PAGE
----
If you have noticed that my reading of late – the little I’ve actually mentioned here – inclines towards children’s books, you’d be right. I consulted my list of books read, and this year I’ve only managed seven ‘grown-up’ books (not including Barbara Kingsolver’s Lacuna, by which I really did try to do my duty but within whose pages I just couldn’t find anything to interest me, sorry Barbara) – and twenty-seven ‘children’s’ books (if you include The Nutcracker). And the latest of these is The Little White Horse, a childhood favourite I last re-read only a couple of years ago – and yet I’d forgotten so much of it.
[Sir Benjamin said,] ‘In our family, Miss Heliotrope, we spell Wrolf with a W, for we are of Viking ancestry and great fighters.’
‘Yes,’ sighed Miss Heliotrope. ‘When Maria was little, I had great trouble in getting her to eat rice pudding.’
Those who are going to read The Little White Horse have probably already read it. Unless they are still a small child. It’s a delightful story about the reconciliation of opposites (female and male, night and day, moon and sun, good and evil) suffused with a rather pantheistic High Anglicanism I mentioned when I wrote about another of Goudge’s books, Linnets and Valerians). In fact, I would go so far as to say it’s a righting of Adam and Eve’s transgression in the Garden of Eden, but with a girl as the redeemer and the place as England. The orphaned Maria Merryweather is sent to live with her cousin, Sir Benjamin Merryweather, in a beautiful Devon valley quite secluded from the rest of the world. It is a bucolic idyll, there is even a Paradise Hill upon which stand the ruins of a monastery. However, all is not perfect: the Black Men who live in the pine forest steal sheep and lambs (and other, less Biblical things, like cider and cake), and the Merryweather family lives with the consequences of pride and greed (which sins were also the causes of the Fall). Female curiosity (for which Eve was blamed) is a vice which must be conquered if Maria is to right past wrongs and restore peace and harmony to the valley. The presence of, among several intelligent and helpful animals, a lion and a unicorn who assist Maria in her task gives a specially English flavour to it all, I can’t help but think of Blake’s ‘Jerusalem’, the re-imagining of Christ’s story in England.here)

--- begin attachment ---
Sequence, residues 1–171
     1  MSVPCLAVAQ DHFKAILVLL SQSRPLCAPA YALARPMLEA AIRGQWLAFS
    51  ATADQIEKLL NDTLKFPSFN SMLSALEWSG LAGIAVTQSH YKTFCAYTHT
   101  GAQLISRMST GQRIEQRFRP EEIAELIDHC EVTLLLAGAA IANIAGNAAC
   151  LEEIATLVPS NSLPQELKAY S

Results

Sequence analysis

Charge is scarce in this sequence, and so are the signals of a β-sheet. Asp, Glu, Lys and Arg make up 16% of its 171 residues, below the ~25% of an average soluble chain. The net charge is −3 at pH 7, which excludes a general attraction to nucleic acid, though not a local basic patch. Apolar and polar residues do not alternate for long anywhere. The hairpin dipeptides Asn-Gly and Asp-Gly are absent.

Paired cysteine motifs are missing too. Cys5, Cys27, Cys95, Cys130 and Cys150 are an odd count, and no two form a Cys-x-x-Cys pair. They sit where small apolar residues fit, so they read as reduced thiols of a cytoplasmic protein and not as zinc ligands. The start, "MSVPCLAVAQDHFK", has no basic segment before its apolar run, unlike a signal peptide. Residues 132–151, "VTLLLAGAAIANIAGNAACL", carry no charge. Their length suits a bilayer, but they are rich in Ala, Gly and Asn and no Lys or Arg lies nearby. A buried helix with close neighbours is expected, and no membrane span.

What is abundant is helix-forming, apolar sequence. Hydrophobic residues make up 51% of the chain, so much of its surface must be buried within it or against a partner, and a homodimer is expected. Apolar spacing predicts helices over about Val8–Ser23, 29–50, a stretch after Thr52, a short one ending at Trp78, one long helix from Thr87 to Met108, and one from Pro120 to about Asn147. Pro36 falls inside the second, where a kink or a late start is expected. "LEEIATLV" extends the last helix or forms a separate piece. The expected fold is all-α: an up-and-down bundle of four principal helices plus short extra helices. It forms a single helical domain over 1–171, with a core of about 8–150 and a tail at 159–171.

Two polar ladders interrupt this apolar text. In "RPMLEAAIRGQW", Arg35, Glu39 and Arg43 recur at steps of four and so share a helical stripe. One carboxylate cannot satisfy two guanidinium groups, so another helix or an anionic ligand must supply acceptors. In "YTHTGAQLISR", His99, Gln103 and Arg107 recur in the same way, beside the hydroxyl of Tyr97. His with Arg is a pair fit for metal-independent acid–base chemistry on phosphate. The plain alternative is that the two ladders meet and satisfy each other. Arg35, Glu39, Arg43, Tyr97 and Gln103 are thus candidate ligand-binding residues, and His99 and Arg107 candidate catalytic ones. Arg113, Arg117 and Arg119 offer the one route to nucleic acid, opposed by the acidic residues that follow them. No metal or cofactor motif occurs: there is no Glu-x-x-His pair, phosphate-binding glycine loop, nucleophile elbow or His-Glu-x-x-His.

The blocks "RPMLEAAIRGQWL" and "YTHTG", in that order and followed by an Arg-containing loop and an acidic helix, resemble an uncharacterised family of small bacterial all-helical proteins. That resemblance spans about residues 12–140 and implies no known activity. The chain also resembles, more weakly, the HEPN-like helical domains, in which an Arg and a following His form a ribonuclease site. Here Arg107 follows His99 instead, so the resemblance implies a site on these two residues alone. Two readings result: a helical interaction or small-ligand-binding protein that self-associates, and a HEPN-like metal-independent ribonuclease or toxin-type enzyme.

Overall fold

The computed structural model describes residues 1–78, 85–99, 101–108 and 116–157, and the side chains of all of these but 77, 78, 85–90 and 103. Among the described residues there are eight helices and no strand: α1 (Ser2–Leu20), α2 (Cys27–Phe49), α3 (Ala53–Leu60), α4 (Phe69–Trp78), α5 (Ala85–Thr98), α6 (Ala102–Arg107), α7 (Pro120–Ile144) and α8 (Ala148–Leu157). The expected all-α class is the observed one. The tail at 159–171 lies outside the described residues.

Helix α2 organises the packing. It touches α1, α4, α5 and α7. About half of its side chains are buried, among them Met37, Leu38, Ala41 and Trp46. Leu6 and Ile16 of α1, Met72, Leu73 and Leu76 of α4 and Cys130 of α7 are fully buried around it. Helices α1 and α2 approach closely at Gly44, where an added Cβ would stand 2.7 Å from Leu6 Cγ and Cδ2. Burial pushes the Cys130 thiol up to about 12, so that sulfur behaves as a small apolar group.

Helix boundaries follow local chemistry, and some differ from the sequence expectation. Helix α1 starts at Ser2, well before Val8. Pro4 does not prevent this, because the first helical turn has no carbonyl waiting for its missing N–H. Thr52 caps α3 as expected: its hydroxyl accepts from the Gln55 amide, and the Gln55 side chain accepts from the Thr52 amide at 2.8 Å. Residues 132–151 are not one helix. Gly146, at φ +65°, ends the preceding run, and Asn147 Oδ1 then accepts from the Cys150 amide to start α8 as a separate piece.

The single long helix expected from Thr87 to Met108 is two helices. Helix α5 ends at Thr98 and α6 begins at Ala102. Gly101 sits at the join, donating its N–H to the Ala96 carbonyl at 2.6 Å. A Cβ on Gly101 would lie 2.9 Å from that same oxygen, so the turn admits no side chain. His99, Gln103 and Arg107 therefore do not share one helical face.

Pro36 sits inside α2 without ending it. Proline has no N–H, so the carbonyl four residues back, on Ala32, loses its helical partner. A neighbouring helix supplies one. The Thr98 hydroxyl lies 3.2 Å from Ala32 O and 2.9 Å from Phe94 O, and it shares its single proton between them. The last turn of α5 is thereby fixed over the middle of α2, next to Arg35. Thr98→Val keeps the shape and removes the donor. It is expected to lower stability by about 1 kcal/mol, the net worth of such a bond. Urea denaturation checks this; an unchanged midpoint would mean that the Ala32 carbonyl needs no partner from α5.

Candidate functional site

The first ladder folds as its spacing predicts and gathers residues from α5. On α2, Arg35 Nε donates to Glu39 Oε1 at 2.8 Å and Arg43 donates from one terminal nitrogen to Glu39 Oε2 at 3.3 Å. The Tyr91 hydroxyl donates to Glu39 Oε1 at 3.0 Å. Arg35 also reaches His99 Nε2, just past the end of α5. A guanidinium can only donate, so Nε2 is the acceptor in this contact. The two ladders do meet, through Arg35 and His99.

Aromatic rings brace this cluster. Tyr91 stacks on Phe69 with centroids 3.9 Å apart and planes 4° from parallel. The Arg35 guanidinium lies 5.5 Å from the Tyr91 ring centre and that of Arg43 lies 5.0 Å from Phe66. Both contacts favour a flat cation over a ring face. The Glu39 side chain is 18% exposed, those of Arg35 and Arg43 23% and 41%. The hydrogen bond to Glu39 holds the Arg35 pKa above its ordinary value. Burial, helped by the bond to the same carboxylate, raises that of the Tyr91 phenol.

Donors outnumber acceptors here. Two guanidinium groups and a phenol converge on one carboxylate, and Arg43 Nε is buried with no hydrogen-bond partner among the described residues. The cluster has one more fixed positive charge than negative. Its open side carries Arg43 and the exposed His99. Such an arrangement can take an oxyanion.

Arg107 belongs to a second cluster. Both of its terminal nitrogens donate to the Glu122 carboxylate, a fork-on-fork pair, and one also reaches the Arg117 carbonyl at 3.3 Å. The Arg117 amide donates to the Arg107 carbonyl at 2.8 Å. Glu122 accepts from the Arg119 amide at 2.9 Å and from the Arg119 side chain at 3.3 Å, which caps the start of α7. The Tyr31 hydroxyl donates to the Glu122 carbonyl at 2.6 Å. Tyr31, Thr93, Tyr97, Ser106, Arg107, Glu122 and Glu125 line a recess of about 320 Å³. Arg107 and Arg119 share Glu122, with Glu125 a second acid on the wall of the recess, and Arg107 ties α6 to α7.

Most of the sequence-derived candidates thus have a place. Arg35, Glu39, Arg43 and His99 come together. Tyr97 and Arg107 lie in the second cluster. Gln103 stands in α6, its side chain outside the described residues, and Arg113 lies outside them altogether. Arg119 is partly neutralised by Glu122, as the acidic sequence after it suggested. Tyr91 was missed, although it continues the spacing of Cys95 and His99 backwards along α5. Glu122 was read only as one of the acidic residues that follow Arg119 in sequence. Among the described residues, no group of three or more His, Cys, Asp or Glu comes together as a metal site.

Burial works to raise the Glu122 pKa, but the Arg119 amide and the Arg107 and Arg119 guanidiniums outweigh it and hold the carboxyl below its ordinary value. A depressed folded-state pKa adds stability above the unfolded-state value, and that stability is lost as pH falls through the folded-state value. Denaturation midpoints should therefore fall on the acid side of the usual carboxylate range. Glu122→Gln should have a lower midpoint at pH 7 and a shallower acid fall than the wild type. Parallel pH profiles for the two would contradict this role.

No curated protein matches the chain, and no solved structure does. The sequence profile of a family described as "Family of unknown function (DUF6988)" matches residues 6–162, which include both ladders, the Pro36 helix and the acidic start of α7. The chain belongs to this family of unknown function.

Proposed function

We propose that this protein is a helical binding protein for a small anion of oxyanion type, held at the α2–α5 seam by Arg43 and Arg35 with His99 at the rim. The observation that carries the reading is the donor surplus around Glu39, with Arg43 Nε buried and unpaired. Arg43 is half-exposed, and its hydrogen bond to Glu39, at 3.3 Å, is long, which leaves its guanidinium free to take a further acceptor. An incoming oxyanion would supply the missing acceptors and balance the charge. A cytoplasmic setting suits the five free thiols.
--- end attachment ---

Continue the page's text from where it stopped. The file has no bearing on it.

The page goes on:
Accompanying Goudge’s trademark humour are luscious descriptions of food. All the Merryweathers take their food seriously, and the power of a shared meal to reconcile plays its part in Maria’s dealings with the Black Men. The novel (almost) ends, as I shall, with the masterpiece of meals, Maria’s wedding feast:
The white-iced wedding-cake was the size of a cartwheel at its base and was six feet tall, mounting up like a pyramid. It was decorated with sugar flowers and fruit and birds and stars and butterflies and bells, and right at the very top there was a tiny sickle moon and a tiny sun enclosed within a silver horseshoe. There were lots of other kinds of cake, of course, and every possible sort of sugar biscuit and iced bun, and all the different kinds of sandwiches it is possible to think of, and dishes of candied cherries and crystallised ginger and sugared almonds and chocolates. And there were jellies and creams and syllabubs and ices, and hot coffee and iced coffee, and tea and lemonade and sherbet, and mulled claret and champagne.
Everybody had lots to eat and drink, and everyone enjoyed it, but nobody ate or drank too much, because they did not want to spoil this happy day by having aches in their insides later on; they wanted this day to be happy right through to the end.